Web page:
# Grid Unlock: Using a simulation in Python to demonstrate a faster way to walk

### Walker Harrison γ»4 min read

*I'm a data scientist who likes to run experiments on his hometown of New York City. This post uses some straightforward simulators built in Python to compare two route-taking methodologies, with the results visualized in plot.ly.*

One of my pet peeves when walking around New York City is if my fellow pedestrian picks an inefficient route to our destination. In particular, it seems like many walkers unconsciously stick to an "L"-route between endpoints, when in fact the presence of stoplights creates an opportunity to save time on your journey by turning more often.

This oversight is likely a result of our understanding of grids as a way to connect points with just two lines, and also the reinforcement that digital maps give us when suggesting routes, which are often of the single-turn variety:

Of course, If you're restricted to a predetermined one-turn route, you are at the mercy of whatever Walk/Don't Walk signs you get between blocks. And although New Yorkers have made a veritable science out of timing their jaywalking between oncoming vehicles, at some junctures you will just have to wait.

On the other hand, if you're willing to make multiple turns and zig-zag your way to your destination, you have the freedom of moving along the other axis if you're confronted with a glowing red hand. By definition, the motivation for these turns ensures that they will be immediately available: at a standard intersection, traffic in way one halts so that it can move in the other. And finally, working around these delays won't lengthen the physical distance of your trip, since the segments in your route will add up to the whole legs anyway.

Many of us likely already integrate this logic into our walking, either intentionally or subconsciously. But I wanted to build a simple simulator in Python to quantify exactly how much time we can really save.

Let's imagine you're on an 8x8 grid and you need to get from the southwest corner to the northeast corner, a distance of 16 units. At each juncture there's a stoplight that we'll give a 50% chance of stopping your progress each time and adding a minute-long delay.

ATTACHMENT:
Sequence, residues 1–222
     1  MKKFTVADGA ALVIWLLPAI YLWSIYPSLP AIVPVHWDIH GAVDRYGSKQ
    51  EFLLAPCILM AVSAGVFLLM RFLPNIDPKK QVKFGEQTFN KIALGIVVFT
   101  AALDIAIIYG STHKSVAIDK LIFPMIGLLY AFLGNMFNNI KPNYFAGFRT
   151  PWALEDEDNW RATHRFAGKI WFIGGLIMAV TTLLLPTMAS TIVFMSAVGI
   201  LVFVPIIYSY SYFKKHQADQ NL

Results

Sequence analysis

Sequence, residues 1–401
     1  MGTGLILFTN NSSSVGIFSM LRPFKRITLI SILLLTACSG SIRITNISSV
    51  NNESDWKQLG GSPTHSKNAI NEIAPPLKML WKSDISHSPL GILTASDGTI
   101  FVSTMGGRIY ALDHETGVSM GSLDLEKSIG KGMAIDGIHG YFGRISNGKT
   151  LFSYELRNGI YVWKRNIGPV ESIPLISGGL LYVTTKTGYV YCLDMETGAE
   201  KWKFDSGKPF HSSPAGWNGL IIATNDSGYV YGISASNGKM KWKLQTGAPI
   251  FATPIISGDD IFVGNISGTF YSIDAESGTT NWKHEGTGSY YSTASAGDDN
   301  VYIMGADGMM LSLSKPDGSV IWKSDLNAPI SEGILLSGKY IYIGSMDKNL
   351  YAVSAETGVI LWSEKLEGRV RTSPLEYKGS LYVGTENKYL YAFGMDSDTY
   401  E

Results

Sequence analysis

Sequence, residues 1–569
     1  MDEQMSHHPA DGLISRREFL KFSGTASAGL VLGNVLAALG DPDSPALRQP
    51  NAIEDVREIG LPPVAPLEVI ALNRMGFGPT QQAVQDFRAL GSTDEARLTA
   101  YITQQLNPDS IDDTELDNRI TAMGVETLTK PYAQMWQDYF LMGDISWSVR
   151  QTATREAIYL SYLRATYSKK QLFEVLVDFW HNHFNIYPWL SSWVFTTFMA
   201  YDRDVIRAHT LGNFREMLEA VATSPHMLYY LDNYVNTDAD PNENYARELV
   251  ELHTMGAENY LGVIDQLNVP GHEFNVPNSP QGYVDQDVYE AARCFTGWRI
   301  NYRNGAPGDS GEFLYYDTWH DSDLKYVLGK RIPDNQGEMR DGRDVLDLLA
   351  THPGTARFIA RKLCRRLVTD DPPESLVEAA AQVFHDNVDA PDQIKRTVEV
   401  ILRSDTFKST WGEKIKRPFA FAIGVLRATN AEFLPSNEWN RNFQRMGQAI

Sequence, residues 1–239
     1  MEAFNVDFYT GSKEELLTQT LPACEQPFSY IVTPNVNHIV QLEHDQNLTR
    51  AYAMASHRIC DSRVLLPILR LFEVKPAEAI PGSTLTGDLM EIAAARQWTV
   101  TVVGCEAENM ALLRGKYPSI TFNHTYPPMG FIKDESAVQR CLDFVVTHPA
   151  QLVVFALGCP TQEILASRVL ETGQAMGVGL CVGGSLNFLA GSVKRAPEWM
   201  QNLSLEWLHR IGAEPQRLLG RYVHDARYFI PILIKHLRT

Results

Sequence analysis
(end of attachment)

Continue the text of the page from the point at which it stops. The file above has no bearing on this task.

```
import random
def dumbwalk(up, over):
# set timer and position
delay = 0
up_progress = 0
over_progress = 0
# walks north until nothern boundary is reached
# confronts stoplight (flip) before each block
while up_progress < up:
flip = random.randint(0,1)
if flip == 1:
delay += 1
up_progress += 1
# then walks east until finish line
# confronts stoplight (flip) before each block
while over_progress < over:
flip = random.randint(0,1)
if flip == 1:
delay += 1
over_progress += 1
return delay
```

If you run 10,000 trials of this process and then graph the results, you'll get a nice normal distribution centered around an 8-minute delay:

```
import plotly.plotly as py
import plotly.graph_objs as go
dumb_delays = [dumbwalk(8,8) for i in range(10000)]
data = [go.Histogram(x=dumb_delays)]
py.iplot(data, filename='basic histogram')
```

We get this particular shape from the graph because our scenario confronting stoplights is analogous to flipping a coin 16 straight times, so we get a binomial distribution centered at 8.

Let's simulate the smarter, turn-heavy approach this time.

```
def smartwalk(up, over):
# set timer and position
delay = 0
up_progress = 0
over_progress = 0
# begins by walking vertically
direction = "up"
while up_progress < up or over_progress < over:
# approximates dumbwalk on either border
if up_progress == up:
flip = random.randint(0,1)
if flip == 1:
delay += 1
over_progress += 1
elif over_progress == over:
flip=random.randint(0,1)
if flip == 1:
delay += 1
up_progress += 1
# otherwise walker will continue in direction for greens and pivot for reds
else:
if direction == "up":
flip = random.randint(0,1)
if flip == 1:
direction = "over"
over_progress += 1
else:
up_progress += 1
elif direction == "over":
flip = random.randint(0,1)
if flip == 1:
direction = "up"
up_progress += 1
else:
over_progress += 1
return delay
```

Now instead of being required to wait at every stoplight you hit, you can simply change direction each time if you haven't already reached your horizontal or vertical boundary. How much time does this actually save? Let's run 10,000 trials again:

```
smart_delays = [smartwalk(8,8) for i in range(10000)]
data = [go.Histogram(x=smart_delays)]
py.iplot(data, filename='basic histogram')
```

As the histogram indicates, by using the "smartwalk" methodology, you have a delay-free walk about 20% of the time, and have two or fewer delays 80% of the time. That's a big difference from being interrupted 8 times on average by stoplights!

The probability mass function for this approach is *much* more complicated than the "dumbwalk" and its binomial analogue. It took me a lot of coffee and crumpled paper to figure it out, and if you're interested it's explained in this blogpost.

Otherwise, thanks for reading and next time you're walking through a city, remember: the grid's greatest gift isn't one big L that you can make between distant locations, it's the many little Ls that you can replace it with.

Very interesting article. I love how we can find science in every activity in our daily life. It's a way to make things less boring and automated.

By the way, I think you may have a little mistake in the "smartwalk" method, "elif over_progress == 8:" should be "elif over_progress == over:" in my opinion.

Good job! Keep it going.

Thanks for the kind words, MartΓ. I'm always trying to find little acts of life worth building a simple simulator for -- more to come on dev.to

And thanks for being a close reader and spotting that error. The original simulator was built for only 8x8 grids, but I generalized it for the purpose of the article and missed that change.